---Particularly true in Retail where they are trying to save money with installation but we get screwed by ICE or non-charging cars.
---I really like what Costco in Torrance CA did for their charging (albeit the network is awful). 15 chargers on the side of the building NOT closest to the entrance. The amount of ICE there is significantly reduced because people do not want to walk that far.
---Fashion Island in Newport Beach is the WORST place I've seen this example where 3 spots with 2 chargers are located right next to the mall and always full. I think they should have placed them underground or farther away......personal opinion.

2.) Reasonable charging for each vehicle.
---Charging @ 3.3kWh is not the same as charging at a higher rate. The $X per hour rates really only benefit pure EV as they would potentially need to charge longer. The funniest part about these spots is that I typically see these spots taken by EV or PHEV and they are not charging.
---I am okay with paying for my electricity. Anything below $0.25 per kWh is worth it to me at current gas levels. Why are some places $0.49 per kWh or more? My favorite spot is in front of Walmart that has a Blink station. I barely see it being used.

3.) Use a common interface or vendor to show availability.
---I love Chargepoint for this, but I would love PlugShare to be my go to app to check everything from reviews, to availability to anything about charging.

Maybe they also know EVs do not have much of a choice that is why they can do this.

Anyways thats my rant.
 

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...It's the Leaf drivers who are worried about getting stranded, not me.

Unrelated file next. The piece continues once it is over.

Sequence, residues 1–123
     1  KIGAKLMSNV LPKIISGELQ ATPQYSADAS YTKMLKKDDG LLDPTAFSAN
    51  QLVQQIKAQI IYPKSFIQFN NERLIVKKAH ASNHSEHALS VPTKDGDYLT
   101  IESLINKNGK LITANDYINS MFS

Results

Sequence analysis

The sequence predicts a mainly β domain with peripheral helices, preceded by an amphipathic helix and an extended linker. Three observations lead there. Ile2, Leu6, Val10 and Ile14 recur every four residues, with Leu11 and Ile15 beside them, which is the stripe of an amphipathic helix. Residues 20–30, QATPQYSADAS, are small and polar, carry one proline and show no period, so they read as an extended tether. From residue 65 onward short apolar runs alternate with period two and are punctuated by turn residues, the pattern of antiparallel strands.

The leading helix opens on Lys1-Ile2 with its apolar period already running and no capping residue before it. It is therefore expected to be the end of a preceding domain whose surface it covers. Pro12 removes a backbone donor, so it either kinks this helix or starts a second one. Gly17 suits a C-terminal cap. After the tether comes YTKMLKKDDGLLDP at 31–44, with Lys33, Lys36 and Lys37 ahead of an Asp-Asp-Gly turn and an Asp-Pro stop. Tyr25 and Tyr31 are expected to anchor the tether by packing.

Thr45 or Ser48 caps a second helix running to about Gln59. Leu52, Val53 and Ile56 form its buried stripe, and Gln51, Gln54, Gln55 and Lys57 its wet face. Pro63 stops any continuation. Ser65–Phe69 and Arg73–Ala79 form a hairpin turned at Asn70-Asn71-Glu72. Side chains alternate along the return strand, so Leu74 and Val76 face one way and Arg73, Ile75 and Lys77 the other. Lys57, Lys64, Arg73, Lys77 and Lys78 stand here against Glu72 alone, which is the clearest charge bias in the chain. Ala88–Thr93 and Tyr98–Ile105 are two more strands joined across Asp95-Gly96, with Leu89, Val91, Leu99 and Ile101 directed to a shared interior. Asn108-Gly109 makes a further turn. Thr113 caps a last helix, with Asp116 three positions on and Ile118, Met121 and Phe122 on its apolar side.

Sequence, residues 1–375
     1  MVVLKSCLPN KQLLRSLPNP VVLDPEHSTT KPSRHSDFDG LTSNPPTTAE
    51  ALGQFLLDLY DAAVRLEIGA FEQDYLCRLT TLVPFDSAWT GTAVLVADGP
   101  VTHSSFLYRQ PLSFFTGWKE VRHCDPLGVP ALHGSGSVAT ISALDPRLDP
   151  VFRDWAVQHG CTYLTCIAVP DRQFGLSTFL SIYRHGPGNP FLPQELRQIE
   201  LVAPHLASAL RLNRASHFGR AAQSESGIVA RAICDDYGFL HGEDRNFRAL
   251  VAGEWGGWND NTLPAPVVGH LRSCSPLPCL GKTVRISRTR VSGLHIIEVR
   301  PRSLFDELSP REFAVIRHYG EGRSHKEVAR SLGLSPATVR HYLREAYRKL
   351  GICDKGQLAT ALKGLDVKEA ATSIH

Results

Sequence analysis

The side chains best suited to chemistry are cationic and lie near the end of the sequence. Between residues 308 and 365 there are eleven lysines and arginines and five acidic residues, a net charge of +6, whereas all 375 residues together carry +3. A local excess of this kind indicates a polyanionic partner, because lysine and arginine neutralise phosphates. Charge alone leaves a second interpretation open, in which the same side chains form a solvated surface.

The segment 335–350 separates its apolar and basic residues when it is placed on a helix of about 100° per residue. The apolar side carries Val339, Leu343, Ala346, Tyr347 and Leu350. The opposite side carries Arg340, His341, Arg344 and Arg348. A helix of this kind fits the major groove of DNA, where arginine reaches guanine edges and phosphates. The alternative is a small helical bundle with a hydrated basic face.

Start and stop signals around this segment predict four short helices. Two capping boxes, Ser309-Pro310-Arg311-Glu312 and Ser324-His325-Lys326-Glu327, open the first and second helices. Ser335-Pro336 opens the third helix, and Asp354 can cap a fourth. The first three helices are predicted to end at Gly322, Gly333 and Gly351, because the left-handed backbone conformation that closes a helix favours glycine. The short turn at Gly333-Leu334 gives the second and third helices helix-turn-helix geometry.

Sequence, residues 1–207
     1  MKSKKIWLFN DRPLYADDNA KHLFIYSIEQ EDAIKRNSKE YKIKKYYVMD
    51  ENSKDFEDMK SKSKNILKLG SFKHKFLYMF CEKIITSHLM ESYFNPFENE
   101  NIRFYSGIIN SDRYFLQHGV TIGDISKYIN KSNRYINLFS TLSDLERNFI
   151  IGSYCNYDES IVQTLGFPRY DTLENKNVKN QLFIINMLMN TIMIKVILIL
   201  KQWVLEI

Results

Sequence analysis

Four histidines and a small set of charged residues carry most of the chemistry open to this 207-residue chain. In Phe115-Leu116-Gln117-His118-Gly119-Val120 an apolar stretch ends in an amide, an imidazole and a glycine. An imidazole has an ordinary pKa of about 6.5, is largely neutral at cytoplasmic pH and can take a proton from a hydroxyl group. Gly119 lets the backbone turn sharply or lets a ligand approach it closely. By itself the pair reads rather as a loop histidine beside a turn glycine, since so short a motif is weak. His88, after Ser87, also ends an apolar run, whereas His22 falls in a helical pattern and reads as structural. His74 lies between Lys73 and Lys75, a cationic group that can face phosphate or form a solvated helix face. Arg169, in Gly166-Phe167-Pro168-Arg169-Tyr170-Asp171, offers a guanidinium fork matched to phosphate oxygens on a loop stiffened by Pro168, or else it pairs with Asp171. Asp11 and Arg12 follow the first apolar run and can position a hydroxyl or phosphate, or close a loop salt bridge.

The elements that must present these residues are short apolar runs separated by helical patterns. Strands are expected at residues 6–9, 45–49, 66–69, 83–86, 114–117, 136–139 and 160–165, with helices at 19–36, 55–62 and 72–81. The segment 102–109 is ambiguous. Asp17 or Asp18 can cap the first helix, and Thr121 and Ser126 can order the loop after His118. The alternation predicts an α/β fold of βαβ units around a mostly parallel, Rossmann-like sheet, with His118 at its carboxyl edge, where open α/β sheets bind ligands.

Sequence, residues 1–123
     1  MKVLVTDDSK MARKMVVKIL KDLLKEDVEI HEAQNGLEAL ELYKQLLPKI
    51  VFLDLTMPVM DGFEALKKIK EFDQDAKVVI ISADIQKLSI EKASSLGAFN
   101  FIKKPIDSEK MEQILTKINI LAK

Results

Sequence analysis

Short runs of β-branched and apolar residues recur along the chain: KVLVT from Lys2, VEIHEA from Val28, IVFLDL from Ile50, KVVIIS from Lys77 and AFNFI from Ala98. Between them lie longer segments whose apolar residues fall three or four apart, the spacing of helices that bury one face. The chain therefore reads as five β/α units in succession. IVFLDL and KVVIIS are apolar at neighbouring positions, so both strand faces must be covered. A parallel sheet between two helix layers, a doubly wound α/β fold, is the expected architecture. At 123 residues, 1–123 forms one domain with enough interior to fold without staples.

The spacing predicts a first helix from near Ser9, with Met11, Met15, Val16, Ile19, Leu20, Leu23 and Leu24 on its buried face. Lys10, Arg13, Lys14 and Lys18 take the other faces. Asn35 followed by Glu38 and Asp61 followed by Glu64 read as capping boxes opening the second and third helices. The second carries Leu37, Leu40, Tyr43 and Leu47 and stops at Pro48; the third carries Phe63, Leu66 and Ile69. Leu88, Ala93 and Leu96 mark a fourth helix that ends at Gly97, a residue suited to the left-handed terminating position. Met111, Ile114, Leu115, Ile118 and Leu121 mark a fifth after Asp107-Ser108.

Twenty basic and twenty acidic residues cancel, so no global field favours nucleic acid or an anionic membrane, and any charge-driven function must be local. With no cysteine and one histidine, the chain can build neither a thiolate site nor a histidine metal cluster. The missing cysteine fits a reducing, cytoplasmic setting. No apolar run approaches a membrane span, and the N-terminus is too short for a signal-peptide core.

It took me 6 months to even sign up for Chargepoint, and that was only after I had found a reasonably priced outlet at a location that I was going to be at for what I estimated to be 2 hours. And, by reasonably priced, I mean charging by the kWh (at something not more than twice my home rate), not by the hour. What I forgot was that Chargepoint grabs your money in $25 increments. So, they now have $24.51 of mine, and probably will have some portion of it for the next ten years!

Public chargers are not for PHEVs like the Volt, with its slow charging speed, unless they're free or charging by the kWh.
Leave them for the Leafs, SparkEVs, and yes, Teslas, who really need them.
 

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I understand the points made above. I live in a condo, however, where I can't charge. So plubic charging stations are my only option. I'd also love a 7.2 charger for the same reason. I'm hoping they make that change in the upcoming 2018 model.
 

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I've actually witnessed this ethical imperative with drivers other than Volt owners. The charging at my work makes sense for me in my Volt because $3 gets me a full charge, or 50 miles of range. However, I also see people driving vehicles that only get 10 to 20 miles of range actively paying the $3 to recharge.

Obviously, this isn't a financial motivation. So it is either an ethical imperative or a bragging rights thing. Either way, the air quality improves as a result.